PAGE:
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Jay, swap space is the same as Virtual memory, if you are lacking in RAM or have a really old system you may need a bit more swap space than norm. When you setup your paritions, set your mount point to hdb, that should install RH on your second HD, if you have 7.3 use it and install KDE3, you will like it
thanks for the fast replies, why should I install on hdb instead of hda? also, Ive been using GNOME, what could I expect from KDE3? The documentation I'm using is REDHAT for Dummies, which has been VERY helpful, but doesnt go into any real depth about partitions. what are some common mount points, and what are their uses?
there's no reason to install on hdb... can't see why they mentioned that. also... kde3 sucks... you know it, i know it. it's for people who can't get out of that windows mindset. stick to gnome, or better still, blackbox or something else equally superfast and lightweight.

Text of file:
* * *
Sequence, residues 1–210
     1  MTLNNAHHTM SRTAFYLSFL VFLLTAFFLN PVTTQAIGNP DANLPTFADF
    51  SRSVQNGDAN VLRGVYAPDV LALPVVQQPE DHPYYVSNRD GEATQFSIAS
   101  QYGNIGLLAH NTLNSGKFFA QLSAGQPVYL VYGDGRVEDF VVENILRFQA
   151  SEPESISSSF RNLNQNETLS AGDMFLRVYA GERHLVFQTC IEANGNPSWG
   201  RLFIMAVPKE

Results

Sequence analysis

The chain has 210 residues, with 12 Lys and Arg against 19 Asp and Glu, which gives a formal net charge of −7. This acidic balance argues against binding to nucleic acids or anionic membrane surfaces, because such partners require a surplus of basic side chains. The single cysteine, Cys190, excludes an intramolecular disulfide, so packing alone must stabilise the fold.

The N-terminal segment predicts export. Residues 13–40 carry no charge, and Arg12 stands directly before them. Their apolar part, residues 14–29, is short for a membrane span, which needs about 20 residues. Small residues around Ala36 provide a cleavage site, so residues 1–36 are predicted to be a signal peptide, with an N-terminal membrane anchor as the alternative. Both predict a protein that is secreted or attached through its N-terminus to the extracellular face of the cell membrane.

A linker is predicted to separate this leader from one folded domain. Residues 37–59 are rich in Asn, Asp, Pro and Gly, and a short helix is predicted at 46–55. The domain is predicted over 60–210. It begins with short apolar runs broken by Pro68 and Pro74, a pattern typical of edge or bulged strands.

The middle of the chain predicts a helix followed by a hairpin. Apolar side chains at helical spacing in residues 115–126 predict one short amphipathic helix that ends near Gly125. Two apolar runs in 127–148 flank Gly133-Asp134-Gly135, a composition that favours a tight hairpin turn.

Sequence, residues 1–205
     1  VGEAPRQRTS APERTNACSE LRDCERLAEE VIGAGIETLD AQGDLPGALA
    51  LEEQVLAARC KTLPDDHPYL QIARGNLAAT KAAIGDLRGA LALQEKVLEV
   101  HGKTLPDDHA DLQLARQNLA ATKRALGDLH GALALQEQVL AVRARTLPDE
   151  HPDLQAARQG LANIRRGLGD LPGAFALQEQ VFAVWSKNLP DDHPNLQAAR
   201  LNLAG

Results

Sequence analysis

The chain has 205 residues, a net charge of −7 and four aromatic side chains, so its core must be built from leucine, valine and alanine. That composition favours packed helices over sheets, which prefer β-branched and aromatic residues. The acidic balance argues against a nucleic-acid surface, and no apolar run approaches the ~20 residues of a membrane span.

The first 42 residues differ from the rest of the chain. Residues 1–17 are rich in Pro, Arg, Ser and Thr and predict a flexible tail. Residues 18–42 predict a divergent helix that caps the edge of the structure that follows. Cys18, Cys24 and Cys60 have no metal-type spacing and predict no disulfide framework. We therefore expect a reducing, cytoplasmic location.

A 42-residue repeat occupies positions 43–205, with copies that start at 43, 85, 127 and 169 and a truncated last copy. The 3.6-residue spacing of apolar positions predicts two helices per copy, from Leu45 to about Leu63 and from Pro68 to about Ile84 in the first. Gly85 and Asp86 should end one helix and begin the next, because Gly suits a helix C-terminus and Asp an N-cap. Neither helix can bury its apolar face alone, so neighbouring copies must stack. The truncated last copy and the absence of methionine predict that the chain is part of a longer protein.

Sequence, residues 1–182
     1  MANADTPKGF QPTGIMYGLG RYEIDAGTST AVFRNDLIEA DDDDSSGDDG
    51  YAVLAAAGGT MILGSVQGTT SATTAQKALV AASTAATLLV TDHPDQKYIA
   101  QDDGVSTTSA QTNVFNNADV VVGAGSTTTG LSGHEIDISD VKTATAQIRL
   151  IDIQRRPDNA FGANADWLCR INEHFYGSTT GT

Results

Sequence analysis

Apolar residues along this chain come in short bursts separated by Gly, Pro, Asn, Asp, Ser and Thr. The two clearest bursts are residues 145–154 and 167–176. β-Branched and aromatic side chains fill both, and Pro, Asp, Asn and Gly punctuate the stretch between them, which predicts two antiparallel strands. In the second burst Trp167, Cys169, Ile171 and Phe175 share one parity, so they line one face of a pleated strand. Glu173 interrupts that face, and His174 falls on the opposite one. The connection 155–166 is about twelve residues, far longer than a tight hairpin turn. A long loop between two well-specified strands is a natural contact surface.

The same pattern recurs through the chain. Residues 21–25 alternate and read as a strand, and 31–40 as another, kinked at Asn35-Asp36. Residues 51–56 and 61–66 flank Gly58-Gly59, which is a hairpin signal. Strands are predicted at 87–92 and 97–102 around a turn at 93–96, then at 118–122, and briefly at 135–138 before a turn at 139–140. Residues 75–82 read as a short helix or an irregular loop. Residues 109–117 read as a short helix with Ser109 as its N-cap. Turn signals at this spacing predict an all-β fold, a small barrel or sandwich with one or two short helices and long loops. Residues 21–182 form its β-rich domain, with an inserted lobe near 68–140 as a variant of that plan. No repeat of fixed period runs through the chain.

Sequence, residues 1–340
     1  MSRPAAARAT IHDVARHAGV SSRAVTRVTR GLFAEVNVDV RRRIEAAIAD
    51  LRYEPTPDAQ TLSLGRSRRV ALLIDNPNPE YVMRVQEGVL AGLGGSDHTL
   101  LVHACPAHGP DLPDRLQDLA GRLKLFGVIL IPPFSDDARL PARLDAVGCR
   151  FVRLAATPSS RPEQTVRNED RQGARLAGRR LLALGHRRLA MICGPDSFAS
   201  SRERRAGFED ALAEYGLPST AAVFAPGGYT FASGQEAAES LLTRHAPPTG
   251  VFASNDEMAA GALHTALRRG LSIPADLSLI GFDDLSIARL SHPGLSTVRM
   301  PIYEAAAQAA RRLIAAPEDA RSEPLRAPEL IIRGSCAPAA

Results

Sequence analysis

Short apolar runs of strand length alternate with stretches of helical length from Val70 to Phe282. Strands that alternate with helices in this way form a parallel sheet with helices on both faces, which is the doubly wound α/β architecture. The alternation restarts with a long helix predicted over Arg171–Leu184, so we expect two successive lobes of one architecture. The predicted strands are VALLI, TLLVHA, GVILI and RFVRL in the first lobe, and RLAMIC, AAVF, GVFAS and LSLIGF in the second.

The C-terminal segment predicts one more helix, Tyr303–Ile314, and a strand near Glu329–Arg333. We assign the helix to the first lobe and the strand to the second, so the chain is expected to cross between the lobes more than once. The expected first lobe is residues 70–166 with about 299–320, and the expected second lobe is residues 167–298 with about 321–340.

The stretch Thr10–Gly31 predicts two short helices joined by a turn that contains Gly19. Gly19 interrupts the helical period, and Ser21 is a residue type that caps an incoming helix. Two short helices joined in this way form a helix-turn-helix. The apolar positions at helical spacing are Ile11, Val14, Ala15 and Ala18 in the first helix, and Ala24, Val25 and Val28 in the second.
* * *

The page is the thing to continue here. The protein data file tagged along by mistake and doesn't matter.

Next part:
you really don't want many partitions, you've too little space to divide. you really don't *need* anything except a single / and some swap (no more than 100mb really is ever needed) but a seperate /home and /usr are pretty handy for security and flexibilty, but like i said, you probably can't afford to commit yourself to a certain size of /usr (were 95% of programs live) or such like.
my bad, didn't mean to install on hdb, typo, you might like KDE3 in that it has the smooth interface of Windows and the reliability of a Linux kernel, MOST new users preffeer this interface to learn X.
Gee, I'm sorry you don't like KDE, but that doesn't mean that the rest of us have to NOT like it, too. That's just too Bill Gates of you !!
Name calling aside , the question is, what is a good partitioning scheme for Jay's two hard drives.
is actually pretty good for hda. Then simply set /home to be hdb, assuming that you plan on having a pile of downloads and personal data.